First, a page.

Ted-Schadler by Ted Schadler

Microsoft today announced the public beta of Exchange 2010. This product is a natural extension and improvement over Exchange 2007 (and anybody on Exchange 2003 should really be looking at it), but it also introduces at least one important new capability: email archiving.

But I'll let my colleagues explain that in more detail. I want to focus today on one aspect of Exchange 2010 that should matter to information and knowledge management professionals at large firms: saving money by moving occasional users to the cloud.

Microsoft's Software + Service strategy has rapidly matured and is native to Exchange 2010. This architecture of a single environment that spans on-premise and cloud-based gives large firms an opportunity to leave some mailboxes on-premise and host others in the cloud to save money without incurring admin hassles.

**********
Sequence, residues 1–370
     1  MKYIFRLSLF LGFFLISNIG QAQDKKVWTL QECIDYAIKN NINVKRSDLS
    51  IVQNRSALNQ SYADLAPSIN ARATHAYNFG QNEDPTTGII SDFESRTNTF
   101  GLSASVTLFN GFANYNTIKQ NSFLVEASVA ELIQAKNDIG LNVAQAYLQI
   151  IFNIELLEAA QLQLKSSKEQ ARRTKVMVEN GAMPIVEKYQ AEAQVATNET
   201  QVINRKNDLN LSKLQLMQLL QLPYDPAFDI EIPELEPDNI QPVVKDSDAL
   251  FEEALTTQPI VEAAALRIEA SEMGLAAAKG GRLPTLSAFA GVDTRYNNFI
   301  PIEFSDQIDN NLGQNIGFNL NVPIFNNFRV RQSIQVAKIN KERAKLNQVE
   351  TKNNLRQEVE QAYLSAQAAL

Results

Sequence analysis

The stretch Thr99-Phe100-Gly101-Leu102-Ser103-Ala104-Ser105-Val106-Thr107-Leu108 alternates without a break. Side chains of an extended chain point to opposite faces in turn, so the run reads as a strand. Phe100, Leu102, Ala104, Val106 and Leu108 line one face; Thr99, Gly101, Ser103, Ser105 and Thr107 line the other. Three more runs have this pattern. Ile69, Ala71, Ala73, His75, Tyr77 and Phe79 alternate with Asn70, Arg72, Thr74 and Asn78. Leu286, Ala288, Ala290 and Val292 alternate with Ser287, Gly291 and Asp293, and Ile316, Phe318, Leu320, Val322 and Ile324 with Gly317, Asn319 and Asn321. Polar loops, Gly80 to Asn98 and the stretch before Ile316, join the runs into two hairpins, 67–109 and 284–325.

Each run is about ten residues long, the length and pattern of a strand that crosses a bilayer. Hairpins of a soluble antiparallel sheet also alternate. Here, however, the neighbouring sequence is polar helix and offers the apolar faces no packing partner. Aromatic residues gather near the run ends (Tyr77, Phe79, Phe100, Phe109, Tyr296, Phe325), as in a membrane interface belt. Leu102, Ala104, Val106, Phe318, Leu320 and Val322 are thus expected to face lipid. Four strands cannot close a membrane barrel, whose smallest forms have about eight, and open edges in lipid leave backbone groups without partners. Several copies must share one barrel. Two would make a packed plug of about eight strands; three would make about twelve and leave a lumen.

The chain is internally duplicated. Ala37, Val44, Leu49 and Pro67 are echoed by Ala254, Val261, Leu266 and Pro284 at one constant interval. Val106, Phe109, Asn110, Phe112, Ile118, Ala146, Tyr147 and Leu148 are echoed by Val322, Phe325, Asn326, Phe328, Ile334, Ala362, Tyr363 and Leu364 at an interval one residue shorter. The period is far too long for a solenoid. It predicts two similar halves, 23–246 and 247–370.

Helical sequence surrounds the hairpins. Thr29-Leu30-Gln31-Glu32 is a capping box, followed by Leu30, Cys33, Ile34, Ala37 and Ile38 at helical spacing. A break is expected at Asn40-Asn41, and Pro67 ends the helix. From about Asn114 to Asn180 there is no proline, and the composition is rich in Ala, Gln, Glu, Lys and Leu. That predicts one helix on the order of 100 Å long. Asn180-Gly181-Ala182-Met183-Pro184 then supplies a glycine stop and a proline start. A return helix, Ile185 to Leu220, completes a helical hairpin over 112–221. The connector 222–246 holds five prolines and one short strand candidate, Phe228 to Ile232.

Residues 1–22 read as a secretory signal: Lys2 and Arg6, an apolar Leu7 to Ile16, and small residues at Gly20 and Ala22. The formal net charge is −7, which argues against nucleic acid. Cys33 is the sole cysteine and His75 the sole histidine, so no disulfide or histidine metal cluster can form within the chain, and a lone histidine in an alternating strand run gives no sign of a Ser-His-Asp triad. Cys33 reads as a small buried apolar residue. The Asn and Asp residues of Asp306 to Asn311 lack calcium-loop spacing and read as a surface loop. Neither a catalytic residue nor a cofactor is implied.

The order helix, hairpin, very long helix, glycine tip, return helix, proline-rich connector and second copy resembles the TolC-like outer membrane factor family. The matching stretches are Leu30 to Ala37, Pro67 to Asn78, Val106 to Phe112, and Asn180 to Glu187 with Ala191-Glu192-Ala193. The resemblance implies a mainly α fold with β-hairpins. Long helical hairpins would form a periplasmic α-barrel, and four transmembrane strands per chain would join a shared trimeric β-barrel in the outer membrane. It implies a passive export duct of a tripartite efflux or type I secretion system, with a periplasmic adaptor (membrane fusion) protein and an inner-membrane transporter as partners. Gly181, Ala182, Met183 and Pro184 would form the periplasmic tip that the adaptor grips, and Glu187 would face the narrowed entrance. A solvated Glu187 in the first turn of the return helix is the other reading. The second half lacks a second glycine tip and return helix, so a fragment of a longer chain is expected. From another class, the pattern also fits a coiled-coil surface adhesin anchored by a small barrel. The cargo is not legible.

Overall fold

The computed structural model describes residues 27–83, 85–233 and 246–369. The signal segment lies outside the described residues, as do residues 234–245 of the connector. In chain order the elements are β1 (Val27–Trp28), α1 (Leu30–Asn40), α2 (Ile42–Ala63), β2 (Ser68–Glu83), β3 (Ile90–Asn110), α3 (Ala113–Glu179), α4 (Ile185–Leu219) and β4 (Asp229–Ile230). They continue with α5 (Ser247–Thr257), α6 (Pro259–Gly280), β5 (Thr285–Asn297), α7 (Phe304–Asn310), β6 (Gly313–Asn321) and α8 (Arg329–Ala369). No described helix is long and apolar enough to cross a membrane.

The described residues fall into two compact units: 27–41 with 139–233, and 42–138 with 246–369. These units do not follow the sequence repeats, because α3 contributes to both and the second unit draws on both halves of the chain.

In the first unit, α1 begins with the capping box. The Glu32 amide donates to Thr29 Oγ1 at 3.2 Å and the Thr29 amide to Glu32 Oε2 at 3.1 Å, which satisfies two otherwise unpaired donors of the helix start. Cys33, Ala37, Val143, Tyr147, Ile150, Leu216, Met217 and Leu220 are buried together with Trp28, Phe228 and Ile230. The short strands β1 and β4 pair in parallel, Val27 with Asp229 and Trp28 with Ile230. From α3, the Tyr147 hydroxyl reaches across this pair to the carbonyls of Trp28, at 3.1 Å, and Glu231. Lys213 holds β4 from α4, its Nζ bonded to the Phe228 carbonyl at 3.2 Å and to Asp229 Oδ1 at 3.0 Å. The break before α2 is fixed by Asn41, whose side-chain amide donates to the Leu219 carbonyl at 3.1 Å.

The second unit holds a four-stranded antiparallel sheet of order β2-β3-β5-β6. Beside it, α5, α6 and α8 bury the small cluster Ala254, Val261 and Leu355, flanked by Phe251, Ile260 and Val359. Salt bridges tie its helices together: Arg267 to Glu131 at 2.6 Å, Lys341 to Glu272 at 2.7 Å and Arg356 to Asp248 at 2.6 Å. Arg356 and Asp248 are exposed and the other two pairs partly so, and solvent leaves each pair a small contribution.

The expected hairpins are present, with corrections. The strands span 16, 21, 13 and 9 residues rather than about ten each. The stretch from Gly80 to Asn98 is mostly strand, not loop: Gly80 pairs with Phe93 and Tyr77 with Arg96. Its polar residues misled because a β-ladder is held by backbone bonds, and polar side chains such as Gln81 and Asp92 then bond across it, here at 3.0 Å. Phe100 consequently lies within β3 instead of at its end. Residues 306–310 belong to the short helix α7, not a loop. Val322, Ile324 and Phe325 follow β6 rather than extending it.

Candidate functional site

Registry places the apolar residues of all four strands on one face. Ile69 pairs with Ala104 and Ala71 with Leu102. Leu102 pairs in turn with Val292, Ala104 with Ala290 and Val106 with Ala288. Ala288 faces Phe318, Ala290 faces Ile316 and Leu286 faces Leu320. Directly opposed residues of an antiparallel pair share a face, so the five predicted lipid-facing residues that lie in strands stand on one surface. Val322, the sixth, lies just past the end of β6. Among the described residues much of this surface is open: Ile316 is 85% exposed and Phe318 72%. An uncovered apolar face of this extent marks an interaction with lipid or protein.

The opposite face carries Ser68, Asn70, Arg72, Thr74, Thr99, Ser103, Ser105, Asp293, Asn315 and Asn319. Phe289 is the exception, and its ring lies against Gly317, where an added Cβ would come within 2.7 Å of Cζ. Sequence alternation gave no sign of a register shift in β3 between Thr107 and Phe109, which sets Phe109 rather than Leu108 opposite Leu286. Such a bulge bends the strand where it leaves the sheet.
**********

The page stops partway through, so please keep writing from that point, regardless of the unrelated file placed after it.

Exchange 2010 is the first product that Microsoft has engineered to run as well in the cloud as on-premise. That means it will be easier to split your domain and run a single managed environment (meaning one admin console, one archiving management tool set, one legal hold implementation, one message filtering solution) across an on-premise and cloud-based implementation.

And that means a Fortune-class company can keep its high-volume mailboxes on-premise while taking advantages of the higher degree of automation, direct-attached storage, and new functionality of Exchange 2010. But it can also move occasional users that can get by with a small mailbox and Web email client (which they are probably using at home anyway) to a cloud provider (Microsoft itself, or a provider like USA.NET, AT&T, or LiveOffice.com).

With Exchange 2010, you can provision those occasional users for $2/user/month. (Well, you can do that with Exchange 2007 as well, but it might be easier to do the wholesale transition to a hybrid environment with an overall server and tool refresh.)

Based on our fully loaded costs of email historically, that can save you $100/user/year. And that ain't chump change.

(You can of course move all your mailboxes to the cloud as companies as large as GSK with 100,000 users have done. But you don't need to take that leap in order to get the benefits of cloud economics.)

Thoughts, questions, concerns, disagreement, experience? Please comment.